Why Abusers Isolate Their Victims
Over the weeks, months, and years victims of domestic abuse tend to see most of their important relationships fall by the wayside. They become increasingly isolated from friends and family until one day, seemingly out of the blue, they find themselves on an island with few if any close human connections outside of their immediate nuclear families.
Abusers are happy to use the carrot or the stick to achieve this result. They’re especially happy if their victims believe their increasing separation from friends and family is their own choice or their own fault. But it’s the abusers pulling the strings, the abusers prompting this separation to come to pass. The reason why abusers isolate their victims from friends and family is that abuse is about control and victims are more easily controlled in mind and body when they don’t have trusted confidants to turn to.
Quite aside from threats, intimidation, and other aversive strategies control is predicated upon the belief in the controlee that the controller’s worldview represents objective reality. In a closed system this trick is more easily accomplished since in a closed system there aren’t any dissenting voices to present alternative points of view. The abuser’s word becomes law, as it were, and this law acts as the foundation upon which an unhealthy, dysfunctional state of affairs can be passed off as healthy and functional. Abusive behavior becomes normal behavior and the victim falls further and further under the abuser’s.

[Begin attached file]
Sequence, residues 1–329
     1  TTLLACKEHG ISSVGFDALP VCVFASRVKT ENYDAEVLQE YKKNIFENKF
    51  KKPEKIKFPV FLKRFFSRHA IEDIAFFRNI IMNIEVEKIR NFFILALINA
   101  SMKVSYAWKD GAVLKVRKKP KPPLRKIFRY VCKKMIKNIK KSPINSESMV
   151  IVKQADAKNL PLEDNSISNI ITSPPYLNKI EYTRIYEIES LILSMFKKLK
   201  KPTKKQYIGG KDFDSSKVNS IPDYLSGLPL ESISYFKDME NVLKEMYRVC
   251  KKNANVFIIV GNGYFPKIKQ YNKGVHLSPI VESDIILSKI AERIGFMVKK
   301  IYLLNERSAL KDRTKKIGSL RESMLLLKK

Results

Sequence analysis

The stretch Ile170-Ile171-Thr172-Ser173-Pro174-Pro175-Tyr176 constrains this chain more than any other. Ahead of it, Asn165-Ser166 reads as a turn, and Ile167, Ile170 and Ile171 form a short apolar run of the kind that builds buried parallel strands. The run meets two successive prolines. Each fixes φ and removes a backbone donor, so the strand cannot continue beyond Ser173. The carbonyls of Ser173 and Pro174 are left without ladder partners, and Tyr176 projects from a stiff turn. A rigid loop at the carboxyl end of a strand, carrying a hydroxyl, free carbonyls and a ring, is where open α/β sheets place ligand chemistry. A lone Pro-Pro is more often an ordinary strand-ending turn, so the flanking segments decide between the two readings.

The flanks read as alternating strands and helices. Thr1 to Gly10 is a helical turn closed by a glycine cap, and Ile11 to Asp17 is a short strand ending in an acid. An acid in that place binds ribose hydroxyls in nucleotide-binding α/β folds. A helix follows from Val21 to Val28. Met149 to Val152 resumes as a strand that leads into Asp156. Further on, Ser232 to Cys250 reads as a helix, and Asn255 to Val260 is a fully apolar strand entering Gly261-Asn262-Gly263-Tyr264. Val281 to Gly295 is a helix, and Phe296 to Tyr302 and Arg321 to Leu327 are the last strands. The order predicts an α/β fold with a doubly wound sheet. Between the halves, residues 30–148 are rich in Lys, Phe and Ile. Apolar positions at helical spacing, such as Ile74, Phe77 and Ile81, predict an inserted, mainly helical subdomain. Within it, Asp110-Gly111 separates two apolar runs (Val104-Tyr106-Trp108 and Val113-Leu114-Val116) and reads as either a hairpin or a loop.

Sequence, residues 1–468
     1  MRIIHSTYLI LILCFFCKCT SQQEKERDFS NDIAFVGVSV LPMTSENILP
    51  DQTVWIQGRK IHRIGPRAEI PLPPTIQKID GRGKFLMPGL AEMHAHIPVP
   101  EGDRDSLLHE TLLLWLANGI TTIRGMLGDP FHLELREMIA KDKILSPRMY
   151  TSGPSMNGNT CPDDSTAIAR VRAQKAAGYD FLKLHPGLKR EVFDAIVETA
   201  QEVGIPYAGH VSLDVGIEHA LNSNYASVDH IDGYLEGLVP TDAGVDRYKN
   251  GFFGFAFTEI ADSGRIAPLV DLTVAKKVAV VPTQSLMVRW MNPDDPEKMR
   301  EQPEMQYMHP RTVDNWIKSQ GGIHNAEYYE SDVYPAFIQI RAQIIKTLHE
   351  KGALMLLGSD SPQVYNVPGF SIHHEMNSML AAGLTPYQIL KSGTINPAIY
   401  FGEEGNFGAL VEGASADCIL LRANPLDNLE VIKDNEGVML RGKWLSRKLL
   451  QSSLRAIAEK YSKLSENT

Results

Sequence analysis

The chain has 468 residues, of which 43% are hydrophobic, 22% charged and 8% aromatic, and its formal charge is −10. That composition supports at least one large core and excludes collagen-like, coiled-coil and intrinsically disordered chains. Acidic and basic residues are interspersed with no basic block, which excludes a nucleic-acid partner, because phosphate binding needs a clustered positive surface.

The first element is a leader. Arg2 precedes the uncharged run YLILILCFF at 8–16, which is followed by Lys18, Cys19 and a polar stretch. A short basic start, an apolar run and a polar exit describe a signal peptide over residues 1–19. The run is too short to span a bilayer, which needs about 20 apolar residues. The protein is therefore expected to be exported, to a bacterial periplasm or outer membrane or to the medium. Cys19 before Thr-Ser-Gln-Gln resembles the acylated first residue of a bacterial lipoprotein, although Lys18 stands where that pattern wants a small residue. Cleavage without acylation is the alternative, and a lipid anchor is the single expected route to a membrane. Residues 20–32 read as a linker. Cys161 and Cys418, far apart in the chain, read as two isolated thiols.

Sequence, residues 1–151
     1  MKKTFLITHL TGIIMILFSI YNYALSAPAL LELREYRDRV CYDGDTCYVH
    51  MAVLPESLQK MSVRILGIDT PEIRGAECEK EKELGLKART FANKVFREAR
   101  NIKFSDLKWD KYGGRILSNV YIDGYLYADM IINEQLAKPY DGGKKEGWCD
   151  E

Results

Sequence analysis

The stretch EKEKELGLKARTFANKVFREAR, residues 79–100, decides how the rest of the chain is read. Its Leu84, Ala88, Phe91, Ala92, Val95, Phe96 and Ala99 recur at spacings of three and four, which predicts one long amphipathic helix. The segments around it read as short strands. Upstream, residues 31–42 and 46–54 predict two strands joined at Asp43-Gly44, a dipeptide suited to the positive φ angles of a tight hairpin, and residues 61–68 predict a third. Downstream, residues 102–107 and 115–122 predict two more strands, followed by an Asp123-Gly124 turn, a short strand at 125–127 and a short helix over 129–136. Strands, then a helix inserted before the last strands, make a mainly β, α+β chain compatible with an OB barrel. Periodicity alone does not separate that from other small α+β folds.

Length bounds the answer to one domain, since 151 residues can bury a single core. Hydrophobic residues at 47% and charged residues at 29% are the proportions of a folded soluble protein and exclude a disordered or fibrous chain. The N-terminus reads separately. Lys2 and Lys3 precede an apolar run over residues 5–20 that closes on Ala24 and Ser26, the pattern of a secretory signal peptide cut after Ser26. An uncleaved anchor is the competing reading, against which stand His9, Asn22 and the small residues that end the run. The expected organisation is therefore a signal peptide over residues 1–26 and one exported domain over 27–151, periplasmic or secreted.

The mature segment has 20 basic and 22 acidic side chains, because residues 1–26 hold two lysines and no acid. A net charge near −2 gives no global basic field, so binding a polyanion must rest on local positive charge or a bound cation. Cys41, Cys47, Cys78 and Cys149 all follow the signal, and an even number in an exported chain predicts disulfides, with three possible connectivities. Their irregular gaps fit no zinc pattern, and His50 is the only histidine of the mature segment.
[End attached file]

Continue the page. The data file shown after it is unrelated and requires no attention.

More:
The last thing an abuser wants is concerned, caring people in the victim’s corner. People who know the difference between healthy and unhealthy family environments might muck up the desired abusive state of affairs by calling a spade a spade, by casting doubt upon the supposed objective veracity of the abuser’s dictates and worldview. So again the best way to insure that control is maintained is to simply cut off all those relationships and that’s what the isolation a victim of abuse experiences is all about.